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State Department official cites Niger Delta threats as tops to U.S. businesses for 2007

State Department official cites Niger Delta threats as tops to U.S. businesses for 2007

The kidnappings and armed attacks plaguing oil companies operating in Nigeria's oil-rich Niger delta are among the top security challenges U.S. businesses are likely to face in 2007, a State Department official said Thursday.
"We're keeping our eye on Nigeria right now," Doug Allison, a special agent with State's Bureau of Diplomatic Security, said in a phone interview. "That situation seems to be not getting any better."
Allison's comments came one day after the Overseas Security Advisory Council, which advises the agency on business activity abroad, released its top 10 list of the greatest threats to U.S. companies in 2006. The list included the Israeli-Hezbollah conflict in Lebanon, intellectual property piracy in Asia and corruption in Africa.
Allison is the executive director of the council, which was established in 1985 to promote security cooperation between the U.S. government and American businesses. Its members include Chevron Corp., which operates in Nigeria.
The instability in Nigeria, Africa's largest oil producer, is well-known. Companies operate there under tight security and with police guards. Yet the violence continues, raising concerns among government and industry officials.
Nigeria's crude output was slashed this year by roughly 500,000 barrels a day because of attacks from criminal gangs and militants seeking political influence. The Nigerian strife has helped to keep upward pressure all year on oil prices, which traded Thursday at $60.50 a barrel on the New York Mercantile Exchange.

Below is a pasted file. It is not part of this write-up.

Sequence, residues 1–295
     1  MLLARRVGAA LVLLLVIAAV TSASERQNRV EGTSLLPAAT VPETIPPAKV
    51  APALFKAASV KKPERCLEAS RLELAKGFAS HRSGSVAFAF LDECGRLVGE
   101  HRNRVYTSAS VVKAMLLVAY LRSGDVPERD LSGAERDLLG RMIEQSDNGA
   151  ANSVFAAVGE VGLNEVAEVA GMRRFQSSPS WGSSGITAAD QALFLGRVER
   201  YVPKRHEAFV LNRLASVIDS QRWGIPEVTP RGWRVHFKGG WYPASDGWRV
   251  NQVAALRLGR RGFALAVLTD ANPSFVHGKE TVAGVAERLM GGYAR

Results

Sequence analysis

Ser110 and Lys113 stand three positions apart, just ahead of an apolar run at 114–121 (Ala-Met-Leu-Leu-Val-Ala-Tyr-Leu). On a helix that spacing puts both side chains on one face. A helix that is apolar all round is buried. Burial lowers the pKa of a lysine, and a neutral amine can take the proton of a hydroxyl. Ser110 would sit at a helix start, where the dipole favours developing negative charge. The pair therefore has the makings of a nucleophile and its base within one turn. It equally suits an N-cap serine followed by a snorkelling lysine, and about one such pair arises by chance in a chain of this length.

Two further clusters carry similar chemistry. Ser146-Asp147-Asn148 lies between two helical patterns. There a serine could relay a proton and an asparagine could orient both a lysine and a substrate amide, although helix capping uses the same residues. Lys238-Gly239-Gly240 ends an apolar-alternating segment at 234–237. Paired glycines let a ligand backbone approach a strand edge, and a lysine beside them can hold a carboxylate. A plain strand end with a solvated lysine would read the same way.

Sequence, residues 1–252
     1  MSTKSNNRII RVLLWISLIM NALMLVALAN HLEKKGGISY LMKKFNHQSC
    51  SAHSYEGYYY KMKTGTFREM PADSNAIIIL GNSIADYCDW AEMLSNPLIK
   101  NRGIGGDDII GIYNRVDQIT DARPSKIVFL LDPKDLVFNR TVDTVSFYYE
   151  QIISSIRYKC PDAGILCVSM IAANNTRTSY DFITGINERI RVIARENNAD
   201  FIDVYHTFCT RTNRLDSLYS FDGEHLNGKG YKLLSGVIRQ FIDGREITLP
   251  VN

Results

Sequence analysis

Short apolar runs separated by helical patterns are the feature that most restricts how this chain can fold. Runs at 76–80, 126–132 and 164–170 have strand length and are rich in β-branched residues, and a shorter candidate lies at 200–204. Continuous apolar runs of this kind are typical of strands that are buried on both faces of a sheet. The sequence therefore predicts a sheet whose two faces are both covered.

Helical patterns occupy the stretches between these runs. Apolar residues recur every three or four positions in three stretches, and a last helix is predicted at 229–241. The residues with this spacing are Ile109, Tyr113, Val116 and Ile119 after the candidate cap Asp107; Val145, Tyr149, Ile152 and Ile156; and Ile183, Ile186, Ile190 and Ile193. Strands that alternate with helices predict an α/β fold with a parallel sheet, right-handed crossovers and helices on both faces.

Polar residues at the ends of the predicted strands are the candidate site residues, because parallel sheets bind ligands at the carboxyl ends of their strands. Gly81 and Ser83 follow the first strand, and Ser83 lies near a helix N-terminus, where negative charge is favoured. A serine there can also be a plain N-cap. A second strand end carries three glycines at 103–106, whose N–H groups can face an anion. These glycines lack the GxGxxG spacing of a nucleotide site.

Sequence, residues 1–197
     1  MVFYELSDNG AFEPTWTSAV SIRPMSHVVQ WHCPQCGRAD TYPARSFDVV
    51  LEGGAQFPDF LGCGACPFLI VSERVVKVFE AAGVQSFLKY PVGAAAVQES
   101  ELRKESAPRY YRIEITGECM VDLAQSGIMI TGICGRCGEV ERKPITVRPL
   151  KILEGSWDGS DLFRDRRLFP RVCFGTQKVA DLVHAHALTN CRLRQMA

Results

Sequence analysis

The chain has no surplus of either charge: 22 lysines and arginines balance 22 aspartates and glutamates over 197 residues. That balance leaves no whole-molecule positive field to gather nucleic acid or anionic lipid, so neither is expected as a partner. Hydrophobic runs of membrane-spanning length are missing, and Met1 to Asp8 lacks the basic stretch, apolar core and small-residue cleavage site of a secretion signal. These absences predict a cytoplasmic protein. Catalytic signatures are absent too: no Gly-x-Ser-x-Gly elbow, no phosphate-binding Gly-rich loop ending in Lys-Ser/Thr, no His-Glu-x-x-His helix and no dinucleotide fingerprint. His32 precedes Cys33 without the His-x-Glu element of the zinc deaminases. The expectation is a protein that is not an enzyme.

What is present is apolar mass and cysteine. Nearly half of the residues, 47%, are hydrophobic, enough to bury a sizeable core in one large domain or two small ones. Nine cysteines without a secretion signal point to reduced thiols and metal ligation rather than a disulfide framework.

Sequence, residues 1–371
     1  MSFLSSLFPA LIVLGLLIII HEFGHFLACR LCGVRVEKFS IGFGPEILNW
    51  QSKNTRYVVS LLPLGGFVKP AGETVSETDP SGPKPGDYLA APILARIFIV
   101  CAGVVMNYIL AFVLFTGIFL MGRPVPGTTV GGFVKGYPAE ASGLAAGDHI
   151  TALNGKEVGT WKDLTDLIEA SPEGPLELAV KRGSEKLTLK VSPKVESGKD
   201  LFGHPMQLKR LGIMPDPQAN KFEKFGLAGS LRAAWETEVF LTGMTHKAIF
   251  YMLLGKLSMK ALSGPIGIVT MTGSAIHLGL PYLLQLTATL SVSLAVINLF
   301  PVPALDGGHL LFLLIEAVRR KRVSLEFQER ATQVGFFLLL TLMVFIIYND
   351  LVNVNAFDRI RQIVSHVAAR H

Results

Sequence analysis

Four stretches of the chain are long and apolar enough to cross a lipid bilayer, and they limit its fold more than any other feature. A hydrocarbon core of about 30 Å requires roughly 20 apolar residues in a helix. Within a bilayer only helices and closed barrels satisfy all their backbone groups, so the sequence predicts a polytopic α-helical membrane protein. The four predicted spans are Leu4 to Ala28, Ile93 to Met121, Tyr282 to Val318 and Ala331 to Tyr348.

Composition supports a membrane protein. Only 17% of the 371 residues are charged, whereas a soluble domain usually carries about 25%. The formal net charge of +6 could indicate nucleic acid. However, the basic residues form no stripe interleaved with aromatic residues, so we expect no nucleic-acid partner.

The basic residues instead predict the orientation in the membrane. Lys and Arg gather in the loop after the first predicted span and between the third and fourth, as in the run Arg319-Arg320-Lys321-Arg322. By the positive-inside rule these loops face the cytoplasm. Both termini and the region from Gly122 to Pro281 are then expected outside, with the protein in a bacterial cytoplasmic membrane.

More than 90 percent of the country's oil is produced through joint ventures between the Nigerian government and major international oil firms, such as Royal Dutch Shell PLC, Exxon Mobil Corp., Chevron, Paris-based Total SA and Italy's Eni SpA.
On Wednesday, the chief executive of Eni, Italy's largest oil and gas producer, spoke with the Nigerian president in Lagos to try to secure the release of four workers _ three Italians and one Lebanese _ held hostage there since Dec. 7.
A pipeline blast in Lagos on Tuesday killed 265 people, and coupled with last week's car bomb explosion outside a government building, illustrates direct consequences of local gasoline shortages amid ongoing political turmoil in the country.
"The first few weeks of the new year will likely be volatile, with probably more attacks on oil supplies _ just as happened in early 2006," Sebastian Spio-Garbrah, a Eurasia Group analyst who focuses on Africa, said in a research note.
Also last week, gunmen raided a pumping station owned by Total, killing three police guards, and Royal Dutch Shell and several oil service companies began evacuating all dependents of foreign employees from the delta region due to the unsafe conditions.
The companies that operate in the Niger delta "build in safety wherever they can," said John Felmy, chief economist at the American Petroleum Institute in Washington.
A Chevron spokesman said the San Ramon, California-based company places a "high priority" on employee safety, but would not provide any details on security measures at its facilities. He did say that Chevron has about 2,000 employees in Nigeria, about 90 percent of whom are Nigerian nationals.
The energy sector has "a culture of dealing with risk that has been fine-tuned" by working in remote, hostile environments worldwide, Allison said. But, he added, the Nigeria situation remains especially troubling.
Attempts to reach OPEC president and Nigerian oil minister Edmund Daukoru by phone were unsuccessful Thursday and he did not respond to an e-mail inquiry.


Updated : 2020-12-02 21:19 GMT+08:00